The unit comes preloaded with City Navigator NT map data for the contiguous United States, Canada, or one European region, depending on where the unit was purchased. (Our tester was loaded with maps for the lower 48 states, Hawaii, and Puerto Rico.) For major roads and highways, the Garmin displays a speed limit icon as a warning for drivers approaching or exceeding the limit.
"Where Am I?" is a feature tucked in the Tools menu that displays your current GPS coordinates/elevation, the nearest address, and the nearest intersection, all of which can come in handy when relaying your location to emergency services or roadside assistance. The feature also provides quick links to the closest hospitals, and police and gas stations.
The unit comes preloaded with seven vehicle icons, with dozens more available for download on Garmin's Web site.
While the 205W doesn't support traffic updates out of the box, it can be upgraded to support lifetime FM traffic updates or subscription-based enhanced MSN direct service with add-on antennas and/or cradles.
In addition to navigation-based features, the Nuvi 205W also features a picture viewer (which displays photos stored on the internal memory or an inserted SD card), a world clock, a calculator, and a unit converter.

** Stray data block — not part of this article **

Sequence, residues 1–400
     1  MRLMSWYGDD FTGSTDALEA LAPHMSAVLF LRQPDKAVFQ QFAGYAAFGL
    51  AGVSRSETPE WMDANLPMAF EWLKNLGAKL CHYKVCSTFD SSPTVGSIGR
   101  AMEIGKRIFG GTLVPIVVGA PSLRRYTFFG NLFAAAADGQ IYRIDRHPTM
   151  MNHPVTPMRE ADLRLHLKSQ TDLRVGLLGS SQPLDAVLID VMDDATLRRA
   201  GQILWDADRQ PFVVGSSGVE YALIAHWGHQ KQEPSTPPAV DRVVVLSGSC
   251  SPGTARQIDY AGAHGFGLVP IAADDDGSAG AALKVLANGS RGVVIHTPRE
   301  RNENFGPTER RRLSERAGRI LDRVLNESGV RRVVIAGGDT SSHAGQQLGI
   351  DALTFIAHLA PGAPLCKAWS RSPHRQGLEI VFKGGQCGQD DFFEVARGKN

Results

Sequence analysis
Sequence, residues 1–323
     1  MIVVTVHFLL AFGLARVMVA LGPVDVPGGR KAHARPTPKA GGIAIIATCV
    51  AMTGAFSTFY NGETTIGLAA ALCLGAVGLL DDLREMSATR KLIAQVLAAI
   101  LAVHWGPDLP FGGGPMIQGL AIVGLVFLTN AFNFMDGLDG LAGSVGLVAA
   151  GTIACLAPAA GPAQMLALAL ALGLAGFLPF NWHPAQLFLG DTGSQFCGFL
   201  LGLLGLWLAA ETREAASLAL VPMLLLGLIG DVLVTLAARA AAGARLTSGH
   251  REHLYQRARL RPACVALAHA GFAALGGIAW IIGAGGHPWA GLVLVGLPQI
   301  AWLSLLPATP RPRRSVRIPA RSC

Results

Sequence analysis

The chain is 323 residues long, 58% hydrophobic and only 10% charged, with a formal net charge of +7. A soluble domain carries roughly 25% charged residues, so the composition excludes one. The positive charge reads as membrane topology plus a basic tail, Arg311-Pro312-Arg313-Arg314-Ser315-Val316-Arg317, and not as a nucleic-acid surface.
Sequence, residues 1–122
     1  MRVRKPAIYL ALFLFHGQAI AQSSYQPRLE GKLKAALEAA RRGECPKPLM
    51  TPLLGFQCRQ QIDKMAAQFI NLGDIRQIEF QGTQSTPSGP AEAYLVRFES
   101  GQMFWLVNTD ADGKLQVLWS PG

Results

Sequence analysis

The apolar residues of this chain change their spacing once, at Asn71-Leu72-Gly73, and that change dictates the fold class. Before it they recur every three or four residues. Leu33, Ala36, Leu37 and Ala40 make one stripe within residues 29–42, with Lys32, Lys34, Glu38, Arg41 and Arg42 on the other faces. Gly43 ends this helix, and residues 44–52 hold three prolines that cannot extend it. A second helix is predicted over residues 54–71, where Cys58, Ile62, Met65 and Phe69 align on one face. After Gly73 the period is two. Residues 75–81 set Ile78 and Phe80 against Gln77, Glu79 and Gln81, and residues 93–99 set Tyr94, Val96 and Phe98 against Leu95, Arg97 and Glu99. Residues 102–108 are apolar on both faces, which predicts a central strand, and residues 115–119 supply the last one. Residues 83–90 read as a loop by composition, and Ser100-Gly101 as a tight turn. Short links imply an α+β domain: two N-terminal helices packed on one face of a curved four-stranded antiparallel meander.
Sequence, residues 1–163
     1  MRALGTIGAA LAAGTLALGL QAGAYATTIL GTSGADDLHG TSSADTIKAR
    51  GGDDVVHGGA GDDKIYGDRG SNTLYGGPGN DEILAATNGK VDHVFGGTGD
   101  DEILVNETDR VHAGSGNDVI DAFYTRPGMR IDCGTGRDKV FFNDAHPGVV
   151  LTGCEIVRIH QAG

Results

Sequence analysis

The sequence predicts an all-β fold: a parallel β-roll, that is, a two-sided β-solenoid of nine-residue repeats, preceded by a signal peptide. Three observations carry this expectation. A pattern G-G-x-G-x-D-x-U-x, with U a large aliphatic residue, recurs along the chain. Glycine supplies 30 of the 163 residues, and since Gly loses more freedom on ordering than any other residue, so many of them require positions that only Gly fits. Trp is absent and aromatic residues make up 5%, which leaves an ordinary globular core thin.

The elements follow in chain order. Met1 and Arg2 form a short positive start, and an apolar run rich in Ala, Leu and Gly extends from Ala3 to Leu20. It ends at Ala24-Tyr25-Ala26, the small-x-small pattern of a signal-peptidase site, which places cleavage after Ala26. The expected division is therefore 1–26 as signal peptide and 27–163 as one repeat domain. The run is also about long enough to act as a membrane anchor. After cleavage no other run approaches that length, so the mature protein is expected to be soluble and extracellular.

Cold boot time for the Nuvi 205W was noticeably faster than for the Nuvi 200 that it replaces, with a much faster satellite-lock time, which means less waiting between flipping the power switch and hitting the road.
Powered up and locked on, we searched for a few well-known points of interest. Nearby POIs are loaded quickly. The Nuvi doesn't support any sort of predictive text entry or autocomplete, but inputting a POI name or address is painless thanks to the Nuvi's responsive onscreen keyboard and fast search. The screen seems to buffer inputs, so you can quickly type a name without waiting for the Nuvi to register your inputs.
Our destination chosen, we hit the road and found the Garmin's routing of our test trips to be quick and, in most cases, identical to those chosen by the TomTom XL 340. Because the Garmin doesn't have to process IQ Routes or MapShare data, routing on the move and rerouting after missing turns is noticeably faster on the Nuvi 205W. (On the other hand, the Garmin doesn't benefit from learning better routes or free map micro-updates.)
Most users in the market for the Garmin Nuvi 205W should probably cross-shop the TomTom XL 340, which stacks up almost feature-for-feature with the Garmin. The TomTom unit's IQ Routes and MapShare features potentially give it a slight edge over the Garmin in the long run. However, the Garmin is a much faster, simpler, and easier-to-use device right out of the box, making it a better choice for nontechnophiles.
We gave the Nuvi 205W high design marks for its intuitive interface and big, bright screen. Its feature set is limited, but adequate for an entry-level device, resulting in an OK feature score. Finally, the Garmin's speedy booting, routing, and data entry earned it a good performance score.